– Advertisement – Otherwise he was a steady and predictable host — a no-nonsense presence, efficient in his role.A full obituary will be published shortly. Mr. Trebek had announced in a video on March 6, 2019, that he had been diagnosed with Stage 4 pancreatic cancer that week. He said that like many others with the disease, he had no symptoms until it had spread throughout his body. He delivered the news from the show’s set, wearing, as usual, a bandbox fresh suit and tie as he spoke straight to the camera without sentiment or histrionics.As a host, Mr. Trebek was the essence of durability. In the decades that he captained “Jeopardy!” more than 400 other game shows came and went. “Jeopardy!” endured, with millions of Americans organizing their weeknights around the highbrow program, shouting out the questions to their televisions as Mr. Trebek read the answers with his impeccable diction.One of the chief appeals of the show, apart from its intellectual challenge, was its consistency. Over the years, its format stayed almost the same, as did Mr. Trebek, though he trimmed back his bushy head of hair, grew grayer and occasionally sported a mustache, beard or goatee. – Advertisement – Alex Trebek, who hosted “Jeopardy!” for a record-setting 36 years and who brought an authoritative and unflappable persona to the quiz show’s peculiar conceit, in which answers are delivered in the form of a question, died on Sunday. He was 80.The death was confirmed by the show’s producers on Twitter. – Advertisement –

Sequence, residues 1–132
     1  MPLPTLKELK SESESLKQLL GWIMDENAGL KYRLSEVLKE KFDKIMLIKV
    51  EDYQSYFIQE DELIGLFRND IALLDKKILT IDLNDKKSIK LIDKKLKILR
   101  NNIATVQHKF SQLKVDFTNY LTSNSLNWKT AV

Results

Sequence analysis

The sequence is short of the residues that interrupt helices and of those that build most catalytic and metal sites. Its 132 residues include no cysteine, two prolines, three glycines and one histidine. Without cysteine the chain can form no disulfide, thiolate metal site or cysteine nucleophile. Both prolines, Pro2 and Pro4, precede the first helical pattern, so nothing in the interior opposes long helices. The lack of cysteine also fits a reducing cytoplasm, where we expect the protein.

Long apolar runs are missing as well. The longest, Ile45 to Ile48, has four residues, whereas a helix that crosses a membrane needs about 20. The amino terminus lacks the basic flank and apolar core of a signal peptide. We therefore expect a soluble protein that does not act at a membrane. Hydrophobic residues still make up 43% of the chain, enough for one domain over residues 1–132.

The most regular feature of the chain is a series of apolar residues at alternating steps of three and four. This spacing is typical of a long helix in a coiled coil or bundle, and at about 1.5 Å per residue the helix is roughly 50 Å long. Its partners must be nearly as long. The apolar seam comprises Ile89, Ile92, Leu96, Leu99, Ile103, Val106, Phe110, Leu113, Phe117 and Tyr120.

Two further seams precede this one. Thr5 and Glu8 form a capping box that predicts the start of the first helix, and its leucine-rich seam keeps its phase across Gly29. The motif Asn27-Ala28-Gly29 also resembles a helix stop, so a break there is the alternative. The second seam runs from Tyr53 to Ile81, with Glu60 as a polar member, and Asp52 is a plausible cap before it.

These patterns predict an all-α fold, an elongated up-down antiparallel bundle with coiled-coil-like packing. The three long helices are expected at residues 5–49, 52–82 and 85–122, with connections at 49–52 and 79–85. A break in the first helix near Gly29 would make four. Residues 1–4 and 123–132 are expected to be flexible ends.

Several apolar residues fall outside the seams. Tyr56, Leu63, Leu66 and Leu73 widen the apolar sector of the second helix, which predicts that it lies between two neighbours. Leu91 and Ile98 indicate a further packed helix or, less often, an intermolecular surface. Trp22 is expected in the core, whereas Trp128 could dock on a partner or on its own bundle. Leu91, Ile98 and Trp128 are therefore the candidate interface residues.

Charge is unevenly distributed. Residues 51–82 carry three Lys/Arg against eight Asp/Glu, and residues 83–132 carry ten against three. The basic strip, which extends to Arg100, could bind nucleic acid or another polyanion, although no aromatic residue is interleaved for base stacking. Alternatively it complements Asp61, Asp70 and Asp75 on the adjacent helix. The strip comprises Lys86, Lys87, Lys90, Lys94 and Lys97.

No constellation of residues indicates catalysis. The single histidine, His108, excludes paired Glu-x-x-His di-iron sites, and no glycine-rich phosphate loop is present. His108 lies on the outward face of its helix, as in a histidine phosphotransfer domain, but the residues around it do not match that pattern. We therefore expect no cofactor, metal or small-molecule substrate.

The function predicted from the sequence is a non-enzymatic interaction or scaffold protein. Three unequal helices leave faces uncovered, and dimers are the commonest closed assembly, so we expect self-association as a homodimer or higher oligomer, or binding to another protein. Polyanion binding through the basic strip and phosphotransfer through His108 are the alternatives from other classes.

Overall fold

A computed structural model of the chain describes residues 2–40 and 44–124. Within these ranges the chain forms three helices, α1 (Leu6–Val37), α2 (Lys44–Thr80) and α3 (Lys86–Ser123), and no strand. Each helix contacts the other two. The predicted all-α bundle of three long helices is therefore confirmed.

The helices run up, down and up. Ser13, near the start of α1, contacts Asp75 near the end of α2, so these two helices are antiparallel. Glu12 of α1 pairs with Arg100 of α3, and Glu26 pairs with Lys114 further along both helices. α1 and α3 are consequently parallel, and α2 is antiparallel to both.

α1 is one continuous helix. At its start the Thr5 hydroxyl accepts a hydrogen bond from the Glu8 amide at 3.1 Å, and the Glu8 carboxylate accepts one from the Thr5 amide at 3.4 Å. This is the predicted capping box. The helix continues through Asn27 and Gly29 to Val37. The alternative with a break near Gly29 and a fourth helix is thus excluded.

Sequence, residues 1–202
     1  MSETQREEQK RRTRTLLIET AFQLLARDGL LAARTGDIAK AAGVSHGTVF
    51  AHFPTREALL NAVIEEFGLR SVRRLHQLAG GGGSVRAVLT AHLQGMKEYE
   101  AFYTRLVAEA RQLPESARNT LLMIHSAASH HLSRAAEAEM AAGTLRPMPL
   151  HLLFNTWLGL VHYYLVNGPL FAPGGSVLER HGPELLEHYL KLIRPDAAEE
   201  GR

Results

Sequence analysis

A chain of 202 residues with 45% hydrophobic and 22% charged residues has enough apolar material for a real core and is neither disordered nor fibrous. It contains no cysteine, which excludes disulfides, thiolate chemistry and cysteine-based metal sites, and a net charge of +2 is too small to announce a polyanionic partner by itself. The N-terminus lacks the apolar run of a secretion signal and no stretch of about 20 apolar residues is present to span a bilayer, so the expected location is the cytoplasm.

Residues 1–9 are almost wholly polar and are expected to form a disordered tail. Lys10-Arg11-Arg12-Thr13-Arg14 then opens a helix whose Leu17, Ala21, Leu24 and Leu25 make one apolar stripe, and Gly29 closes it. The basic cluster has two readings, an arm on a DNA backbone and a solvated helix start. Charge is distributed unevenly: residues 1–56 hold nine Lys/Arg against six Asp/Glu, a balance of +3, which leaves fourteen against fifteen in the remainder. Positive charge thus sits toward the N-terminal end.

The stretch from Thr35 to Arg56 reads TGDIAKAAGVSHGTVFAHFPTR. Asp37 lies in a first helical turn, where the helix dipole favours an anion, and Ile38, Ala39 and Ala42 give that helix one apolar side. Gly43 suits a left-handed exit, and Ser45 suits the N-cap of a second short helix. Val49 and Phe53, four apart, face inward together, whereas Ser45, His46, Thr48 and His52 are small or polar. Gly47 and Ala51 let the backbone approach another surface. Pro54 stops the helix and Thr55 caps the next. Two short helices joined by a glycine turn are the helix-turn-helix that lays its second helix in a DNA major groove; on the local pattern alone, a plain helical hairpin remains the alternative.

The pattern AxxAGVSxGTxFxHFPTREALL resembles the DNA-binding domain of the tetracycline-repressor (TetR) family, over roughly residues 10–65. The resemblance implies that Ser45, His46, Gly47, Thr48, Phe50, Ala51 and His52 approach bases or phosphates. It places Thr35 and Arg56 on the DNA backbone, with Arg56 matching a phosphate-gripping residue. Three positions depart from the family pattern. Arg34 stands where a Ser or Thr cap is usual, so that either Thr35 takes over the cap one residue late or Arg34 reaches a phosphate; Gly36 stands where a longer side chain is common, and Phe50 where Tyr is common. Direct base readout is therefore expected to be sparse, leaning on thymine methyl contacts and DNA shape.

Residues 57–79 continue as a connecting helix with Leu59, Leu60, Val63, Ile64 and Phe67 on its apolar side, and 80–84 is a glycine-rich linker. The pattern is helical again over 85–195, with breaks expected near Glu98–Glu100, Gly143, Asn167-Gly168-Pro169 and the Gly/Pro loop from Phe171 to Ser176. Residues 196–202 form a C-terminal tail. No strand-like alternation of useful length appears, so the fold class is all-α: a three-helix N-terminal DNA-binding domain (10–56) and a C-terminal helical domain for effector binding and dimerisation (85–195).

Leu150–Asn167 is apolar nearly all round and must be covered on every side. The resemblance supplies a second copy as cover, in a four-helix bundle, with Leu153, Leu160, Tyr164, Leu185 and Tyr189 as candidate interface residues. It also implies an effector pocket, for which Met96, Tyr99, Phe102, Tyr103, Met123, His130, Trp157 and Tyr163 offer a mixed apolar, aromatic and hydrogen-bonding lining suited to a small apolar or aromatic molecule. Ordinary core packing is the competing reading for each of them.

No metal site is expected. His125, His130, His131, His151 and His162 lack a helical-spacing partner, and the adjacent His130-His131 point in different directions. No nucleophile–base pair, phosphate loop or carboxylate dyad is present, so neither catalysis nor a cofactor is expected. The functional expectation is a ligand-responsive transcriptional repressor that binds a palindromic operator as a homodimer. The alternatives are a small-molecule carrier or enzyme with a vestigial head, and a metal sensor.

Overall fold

LocalNews Roseau MP describes Prime Minister’s remarks as ‘shameful’ by: – July 20, 2012 12 Views one comment Sharing is caring! Share Senator, Norris Prevost (file photo).Member of Parliament for the Roseau Central constituency and Opposition senator, Norris Prevost, has described part of the Prime Minister’s opening speech during his budget presentation which criticized opposition members, as “shameful”.On Tuesday, Prime Minister and Minister of Finance, Roosevelt Skerrit presented budgetary estimates amounting to four hundred and forty million, three hundred and thirty seven thousand, six hundred and twenty eighty thousand Eastern Caribbean dollars (EC$437.628.018), for the financial year 2012/2013 to Parliament.During that presentation, he chastised the United Workers Party (UWP), for being “asleep” for over two years and not contributing to Parliamentary debates while the country faced trying economic challenges.Mr. Skerrit said Dominica is the “only country for which no record of opposition participation in the economic debate can be found”.He said further; “For two and a half years they slept, while the country navigated its way through turbulent economic waters and this past week, they got their voices back by trumpeting the same rhetoric of 2009. It would seem that since this crisis started they never read a book; never reviewed a file; never paid attention to what was going on around them in the region and the world”. Norris Prevost, during his response to the budget on Wednesday, noted that these shameful comments should not have been part of the Prime Minister’s address.“It is shameful for a prime minister, in a budget address, to make those kinds of remarks about other people, whether they are members of Parliament or whether they are just ordinary Dominicans, Madam Speaker. And again he goes on to repeat those similar negative comments in his closing remarks and I don’t want to repeat them”. He said however, while the opposition members are being criticized for not “reading books”, this alone cannot solve the economic crisis which Dominica is faced with.“I would assume that the ministers of government have read many books and have reviewed many files in relation to the economic crisis that Dominica is facing and has been facing for the last ten years, twelve years, Madam Speaker? I assume that they have read many books and have read many files. However, the truth of the matter is that solutions do not come just from reading books”.The solution to the economic crisis, he explained, lies in the ability of ministers of government to analyze the books which they have read and applying it to Dominica’s situation.“Solutions to problems come from reading books, analyzing what is written, seeking to see how they apply to your present situation and then bringing the resources together to implement some of those potential solutions. Unfortunately, these seem to be the areas where the government has not been able to come up to speed; analyzing what is written in the books, seeking to see how they apply to Dominica’s economic problems and then applying some of those solutions to solving Dominica’s economic problems”.He therefore “commended” the ministers of government for reading books, but went a step further by advising them to heed the advice of their technocrats.“I still want to say to them that they need to listen to the advice of the very knowledgeable technocrats that we have in the public servants, who very often explain to them how we can implement many of those things in books to get solutions,” Prevost said. Dominica Vibes News Share Tweet Share